Skip to Content

V

Value. A social relationship between people which expresses itself as a material relationship between things. The value of a commodity is determined by the quantity of socially necessary abstract labour time needed for its production and reproduction. Price is the monetary expression of value. (See also COMMODITIES; LABOUR THEORY OF VALUE; PRICE OF PRODUCTION.)

Reading

Andrew Kliman, Reclaiming Marx's “Capital”, 2007

 

Vanguard. In the Communist Manifesto (1848), Marx and Engels wrote of the communists’ understanding of ‘the line of march, the conditions and the ultimate results of the proletarian movement’, which they conceived as ‘the self-conscious, independent movement of the immense majority in the interest of the immense majority’.

This is to be contrasted with Lenin’s view. Although there is more than one version of the party to be found in Lenin’s writings, all of them envisage a centralised vanguard leading the working class. In his What is to be Done? (1902), Lenin argued that class-consciousness had to be brought to the workers ‘from without’ by professional revolutionaries organised as a vanguard, as a body capable of leading the working class to ‘socialism’. Because workers on their own can only develop trade union consciousness, on this view, self-emancipation is impossible.

Hal Draper has argued that Lenin was making explicit what was already implicit in the politics of the Second International generally and Kautsky in particular. If that is the case, then this would mark an important difference between the Socialist Party and the Second International, along with the Socialist Party’s rejection of the Second International’s reformism. (See also BOLSHEVISM; LEADERSHIP; LENINISM; SECOND INTERNATIONAL)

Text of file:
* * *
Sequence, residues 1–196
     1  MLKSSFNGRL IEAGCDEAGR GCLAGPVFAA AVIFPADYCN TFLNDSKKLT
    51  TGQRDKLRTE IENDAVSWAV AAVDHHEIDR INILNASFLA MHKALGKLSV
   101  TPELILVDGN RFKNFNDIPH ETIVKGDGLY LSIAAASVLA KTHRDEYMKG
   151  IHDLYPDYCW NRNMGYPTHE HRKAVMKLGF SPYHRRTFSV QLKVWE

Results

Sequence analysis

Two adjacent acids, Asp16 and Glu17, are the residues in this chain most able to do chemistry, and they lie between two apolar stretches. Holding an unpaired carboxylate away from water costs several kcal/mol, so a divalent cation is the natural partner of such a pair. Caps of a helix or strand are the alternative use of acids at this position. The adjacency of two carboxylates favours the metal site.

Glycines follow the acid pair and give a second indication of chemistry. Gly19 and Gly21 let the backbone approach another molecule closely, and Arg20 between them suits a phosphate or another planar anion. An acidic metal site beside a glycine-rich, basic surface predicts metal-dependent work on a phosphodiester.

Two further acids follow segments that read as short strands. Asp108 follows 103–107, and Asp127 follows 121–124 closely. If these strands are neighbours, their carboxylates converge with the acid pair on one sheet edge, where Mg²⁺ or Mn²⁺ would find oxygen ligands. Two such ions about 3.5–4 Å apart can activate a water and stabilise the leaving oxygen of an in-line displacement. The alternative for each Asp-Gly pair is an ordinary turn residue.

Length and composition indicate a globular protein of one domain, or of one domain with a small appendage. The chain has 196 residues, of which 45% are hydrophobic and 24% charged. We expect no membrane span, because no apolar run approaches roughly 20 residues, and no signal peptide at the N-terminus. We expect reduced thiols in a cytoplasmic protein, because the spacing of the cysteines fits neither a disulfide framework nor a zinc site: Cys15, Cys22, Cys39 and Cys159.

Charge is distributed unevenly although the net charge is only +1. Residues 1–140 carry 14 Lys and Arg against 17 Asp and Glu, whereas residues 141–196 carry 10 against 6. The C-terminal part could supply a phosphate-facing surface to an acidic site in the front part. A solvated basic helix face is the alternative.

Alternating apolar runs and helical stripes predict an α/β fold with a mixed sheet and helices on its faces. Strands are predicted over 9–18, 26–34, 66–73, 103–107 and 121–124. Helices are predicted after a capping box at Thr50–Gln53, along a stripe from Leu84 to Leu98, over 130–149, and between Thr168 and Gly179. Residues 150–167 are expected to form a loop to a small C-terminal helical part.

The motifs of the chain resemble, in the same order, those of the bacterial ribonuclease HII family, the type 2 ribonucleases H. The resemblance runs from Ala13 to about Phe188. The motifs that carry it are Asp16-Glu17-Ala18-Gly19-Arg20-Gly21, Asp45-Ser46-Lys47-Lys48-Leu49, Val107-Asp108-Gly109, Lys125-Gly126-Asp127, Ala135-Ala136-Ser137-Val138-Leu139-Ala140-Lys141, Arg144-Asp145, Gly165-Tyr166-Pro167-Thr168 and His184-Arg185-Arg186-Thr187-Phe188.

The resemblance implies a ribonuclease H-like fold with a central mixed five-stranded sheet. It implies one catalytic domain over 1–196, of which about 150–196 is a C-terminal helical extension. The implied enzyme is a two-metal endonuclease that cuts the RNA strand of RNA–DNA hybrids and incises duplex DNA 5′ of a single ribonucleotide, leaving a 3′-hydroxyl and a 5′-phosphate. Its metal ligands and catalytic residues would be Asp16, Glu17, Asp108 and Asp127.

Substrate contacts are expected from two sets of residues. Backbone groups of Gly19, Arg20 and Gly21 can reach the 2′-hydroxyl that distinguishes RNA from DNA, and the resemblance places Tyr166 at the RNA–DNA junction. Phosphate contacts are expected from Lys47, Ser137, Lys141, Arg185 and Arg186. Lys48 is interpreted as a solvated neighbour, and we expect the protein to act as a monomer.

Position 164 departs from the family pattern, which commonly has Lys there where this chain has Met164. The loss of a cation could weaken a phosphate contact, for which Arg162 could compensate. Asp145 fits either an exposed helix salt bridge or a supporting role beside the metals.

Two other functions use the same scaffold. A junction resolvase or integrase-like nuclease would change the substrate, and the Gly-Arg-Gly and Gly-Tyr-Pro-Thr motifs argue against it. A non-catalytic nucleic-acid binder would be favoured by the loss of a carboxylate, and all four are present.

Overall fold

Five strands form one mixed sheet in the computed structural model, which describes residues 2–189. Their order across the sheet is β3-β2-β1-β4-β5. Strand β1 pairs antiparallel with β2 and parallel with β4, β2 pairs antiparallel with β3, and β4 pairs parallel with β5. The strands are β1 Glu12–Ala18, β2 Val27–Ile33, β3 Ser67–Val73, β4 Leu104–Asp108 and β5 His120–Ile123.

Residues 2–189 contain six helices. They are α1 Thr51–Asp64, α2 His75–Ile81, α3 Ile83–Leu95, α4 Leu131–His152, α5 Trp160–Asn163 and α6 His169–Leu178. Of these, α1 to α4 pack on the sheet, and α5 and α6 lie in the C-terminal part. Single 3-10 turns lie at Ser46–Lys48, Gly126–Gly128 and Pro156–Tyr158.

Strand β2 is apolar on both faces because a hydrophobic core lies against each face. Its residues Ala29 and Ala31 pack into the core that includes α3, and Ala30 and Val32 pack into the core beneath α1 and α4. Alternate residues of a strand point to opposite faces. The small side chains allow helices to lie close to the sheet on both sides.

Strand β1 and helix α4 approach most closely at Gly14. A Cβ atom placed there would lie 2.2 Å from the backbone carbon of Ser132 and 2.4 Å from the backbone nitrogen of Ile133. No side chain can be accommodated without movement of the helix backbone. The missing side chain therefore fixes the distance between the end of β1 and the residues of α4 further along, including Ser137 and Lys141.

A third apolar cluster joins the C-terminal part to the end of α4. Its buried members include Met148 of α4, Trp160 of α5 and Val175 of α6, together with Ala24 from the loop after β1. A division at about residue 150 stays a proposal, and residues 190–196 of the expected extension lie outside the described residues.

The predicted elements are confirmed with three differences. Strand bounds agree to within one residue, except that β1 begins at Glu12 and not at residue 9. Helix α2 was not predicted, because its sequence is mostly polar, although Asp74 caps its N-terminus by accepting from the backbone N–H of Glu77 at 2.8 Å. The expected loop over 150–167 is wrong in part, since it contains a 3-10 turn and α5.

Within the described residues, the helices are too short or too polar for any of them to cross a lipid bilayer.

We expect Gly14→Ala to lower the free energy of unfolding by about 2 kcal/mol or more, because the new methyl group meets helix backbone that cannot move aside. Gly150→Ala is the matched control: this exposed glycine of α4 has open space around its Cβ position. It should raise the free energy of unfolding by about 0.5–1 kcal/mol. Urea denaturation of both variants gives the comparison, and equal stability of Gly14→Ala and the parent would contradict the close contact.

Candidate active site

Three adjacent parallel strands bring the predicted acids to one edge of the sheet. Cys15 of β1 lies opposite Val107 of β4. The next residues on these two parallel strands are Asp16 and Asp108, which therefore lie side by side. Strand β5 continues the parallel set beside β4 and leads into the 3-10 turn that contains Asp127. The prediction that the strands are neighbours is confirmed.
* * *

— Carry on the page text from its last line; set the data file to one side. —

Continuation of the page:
Reading

Hal Draper, The Myth of Lenin's Concept of The Party (online at: www.marxists.org/archive/draper/1990/myth/myth.htm

 

Violence. A new world society of democratic voluntary co-operation can only be established by democratic voluntary co-operation. By its very description, such a society cannot be imposed nor could people be led into it. Unlike Leninist and other left-wing groups who advocate violence because they rely on minority support, socialists rely on the legitimacy conferred by majority understanding, support and participation. And this is why it is reasonable to suppose that this process will be peaceful. However, socialists are not pacifists. Should an anti-democratic minority try to impose its will on a majority-expressed decision for socialism then the majority can defend themselves with force, if necessary. (See also DEMOCRACY.)